Stinking Jenny

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If you've been for a walk in the woods lately, you'll no doubt have noticed the amazing waft of wild garlic in the air.

The smell always reminds me of my childhood - running amok in the woods of Pembrokeshire; building dens, climbing trees and having mud fights with my friends, completely unaware of what we were running through.

These days however people are catching on to its culinary uses and you'll often find it on the menu in swanky restaurants where it's also known as 'ramsons'.

Unlike common cultivated garlic, it's the leaves that are eaten rather than the bulbs. The taste is more delicate too and fantastic when lightly sauteed.

Wild garlic flowering in the woods by Gale.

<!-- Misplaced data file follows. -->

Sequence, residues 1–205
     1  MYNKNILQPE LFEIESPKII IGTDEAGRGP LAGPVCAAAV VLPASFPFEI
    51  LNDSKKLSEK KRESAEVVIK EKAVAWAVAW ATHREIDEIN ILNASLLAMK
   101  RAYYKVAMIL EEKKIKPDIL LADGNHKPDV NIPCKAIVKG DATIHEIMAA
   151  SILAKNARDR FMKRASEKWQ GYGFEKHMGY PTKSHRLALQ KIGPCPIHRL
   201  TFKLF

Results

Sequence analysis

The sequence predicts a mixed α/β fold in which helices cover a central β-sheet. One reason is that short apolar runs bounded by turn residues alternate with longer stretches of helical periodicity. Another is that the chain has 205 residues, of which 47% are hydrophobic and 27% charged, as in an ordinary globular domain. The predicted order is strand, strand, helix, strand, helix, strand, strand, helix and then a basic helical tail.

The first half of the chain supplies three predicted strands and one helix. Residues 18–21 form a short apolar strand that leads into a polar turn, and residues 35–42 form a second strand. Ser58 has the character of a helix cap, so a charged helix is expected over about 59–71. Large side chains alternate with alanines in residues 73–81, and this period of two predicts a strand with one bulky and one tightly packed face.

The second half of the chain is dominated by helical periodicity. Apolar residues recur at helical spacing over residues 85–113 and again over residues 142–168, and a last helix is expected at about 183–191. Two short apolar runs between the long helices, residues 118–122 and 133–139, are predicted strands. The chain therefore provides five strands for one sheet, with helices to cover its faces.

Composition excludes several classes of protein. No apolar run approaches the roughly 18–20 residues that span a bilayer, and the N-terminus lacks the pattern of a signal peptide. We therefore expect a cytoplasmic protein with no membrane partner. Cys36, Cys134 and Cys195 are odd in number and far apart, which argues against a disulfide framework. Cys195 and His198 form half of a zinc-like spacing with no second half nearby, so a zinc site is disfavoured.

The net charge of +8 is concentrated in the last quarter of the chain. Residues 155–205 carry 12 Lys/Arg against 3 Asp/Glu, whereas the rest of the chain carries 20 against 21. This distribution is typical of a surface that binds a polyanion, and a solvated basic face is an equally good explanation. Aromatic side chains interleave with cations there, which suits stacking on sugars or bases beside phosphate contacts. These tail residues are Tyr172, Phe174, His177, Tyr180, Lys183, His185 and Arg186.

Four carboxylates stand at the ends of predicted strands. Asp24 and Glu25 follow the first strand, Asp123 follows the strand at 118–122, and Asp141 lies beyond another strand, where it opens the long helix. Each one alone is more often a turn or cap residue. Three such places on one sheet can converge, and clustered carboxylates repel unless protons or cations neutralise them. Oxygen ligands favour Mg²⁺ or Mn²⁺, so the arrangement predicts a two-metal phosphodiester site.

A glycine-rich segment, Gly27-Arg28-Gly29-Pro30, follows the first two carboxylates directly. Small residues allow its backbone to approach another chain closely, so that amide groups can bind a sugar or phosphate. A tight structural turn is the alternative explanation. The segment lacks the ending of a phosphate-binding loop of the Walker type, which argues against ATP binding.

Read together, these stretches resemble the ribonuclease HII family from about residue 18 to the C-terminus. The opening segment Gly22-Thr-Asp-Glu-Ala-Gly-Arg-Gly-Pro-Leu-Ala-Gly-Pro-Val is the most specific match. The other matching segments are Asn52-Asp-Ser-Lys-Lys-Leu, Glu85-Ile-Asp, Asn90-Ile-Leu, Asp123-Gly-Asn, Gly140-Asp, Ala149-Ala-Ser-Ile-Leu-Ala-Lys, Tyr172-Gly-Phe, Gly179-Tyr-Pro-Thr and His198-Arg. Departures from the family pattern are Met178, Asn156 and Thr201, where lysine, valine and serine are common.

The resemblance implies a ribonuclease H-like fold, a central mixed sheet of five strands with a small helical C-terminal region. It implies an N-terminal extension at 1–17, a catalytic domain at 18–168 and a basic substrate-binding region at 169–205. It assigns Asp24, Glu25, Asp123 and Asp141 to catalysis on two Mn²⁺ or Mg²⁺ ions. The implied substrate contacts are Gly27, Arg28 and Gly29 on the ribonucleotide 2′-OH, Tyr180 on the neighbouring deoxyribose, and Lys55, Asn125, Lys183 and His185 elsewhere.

In the UK, wild garlic has many peculiar names including - 'bear's garlic', 'devil's garlic', 'gypsy's onions' and 'stinking Jenny'.

If you fancy trying some, it's best picked in April or May before the flowers appear but don't worry too much if it's already flowering - you'll just lose some of the flavour.

The shape of the leaves are similar to some inedible plants, so make sure you correctly identify them by crushing some of the leaves in your hand. The tell-tale smell of garlic should ensure you pick the right leaves and not the bluebells!

The leaves can be eaten raw or lightly cooked but give them a good wash first. Wild garlic can be stirred into risottos or omelettes, added to soups and sauces or spread onto toast so give it a go.

Just remember to leave the bulbs in place as you only need a few of the leaves for cooking.

Guardian piece on wild foraging for wild garlic

Some BBC Food recipes featuring wild garlic for you to try.

Gull

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